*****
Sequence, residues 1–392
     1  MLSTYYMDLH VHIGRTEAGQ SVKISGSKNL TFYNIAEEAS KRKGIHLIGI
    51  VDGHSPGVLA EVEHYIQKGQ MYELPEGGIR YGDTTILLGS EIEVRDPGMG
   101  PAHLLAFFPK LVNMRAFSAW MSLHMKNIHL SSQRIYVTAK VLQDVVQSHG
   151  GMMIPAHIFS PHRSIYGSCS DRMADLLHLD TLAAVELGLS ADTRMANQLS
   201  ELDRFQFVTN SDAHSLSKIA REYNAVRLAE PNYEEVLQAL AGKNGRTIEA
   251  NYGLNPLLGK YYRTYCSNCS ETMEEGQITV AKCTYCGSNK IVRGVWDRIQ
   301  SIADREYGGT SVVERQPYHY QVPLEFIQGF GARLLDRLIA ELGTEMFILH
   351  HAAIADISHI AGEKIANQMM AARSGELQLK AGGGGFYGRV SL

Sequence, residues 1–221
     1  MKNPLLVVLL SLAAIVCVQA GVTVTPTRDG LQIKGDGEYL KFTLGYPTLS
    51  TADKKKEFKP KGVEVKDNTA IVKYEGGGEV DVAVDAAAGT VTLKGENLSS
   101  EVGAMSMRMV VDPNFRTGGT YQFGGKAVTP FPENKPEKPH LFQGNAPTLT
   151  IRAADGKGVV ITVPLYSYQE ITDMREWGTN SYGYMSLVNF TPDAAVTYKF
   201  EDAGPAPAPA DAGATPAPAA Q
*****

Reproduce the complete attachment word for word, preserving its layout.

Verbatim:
Sequence, residues 1–392
     1  MLSTYYMDLH VHIGRTEAGQ SVKISGSKNL TFYNIAEEAS KRKGIHLIGI
    51  VDGHSPGVLA EVEHYIQKGQ MYELPEGGIR YGDTTILLGS EIEVRDPGMG
   101  PAHLLAFFPK LVNMRAFSAW MSLHMKNIHL SSQRIYVTAK VLQDVVQSHG
   151  GMMIPAHIFS PHRSIYGSCS DRMADLLHLD TLAAVELGLS ADTRMANQLS
   201  ELDRFQFVTN SDAHSLSKIA REYNAVRLAE PNYEEVLQAL AGKNGRTIEA
   251  NYGLNPLLGK YYRTYCSNCS ETMEEGQITV AKCTYCGSNK IVRGVWDRIQ
   301  SIADREYGGT SVVERQPYHY QVPLEFIQGF GARLLDRLIA ELGTEMFILH
   351  HAAIADISHI AGEKIANQMM AARSGELQLK AGGGGFYGRV SL

Sequence, residues 1–221
     1  MKNPLLVVLL SLAAIVCVQA GVTVTPTRDG LQIKGDGEYL KFTLGYPTLS
    51  TADKKKEFKP KGVEVKDNTA IVKYEGGGEV DVAVDAAAGT VTLKGENLSS
   101  EVGAMSMRMV VDPNFRTGGT YQFGGKAVTP FPENKPEKPH LFQGNAPTLT
   151  IRAADGKGVV ITVPLYSYQE ITDMREWGTN SYGYMSLVNF TPDAAVTYKF
   201  EDAGPAPAPA DAGATPAPAA Q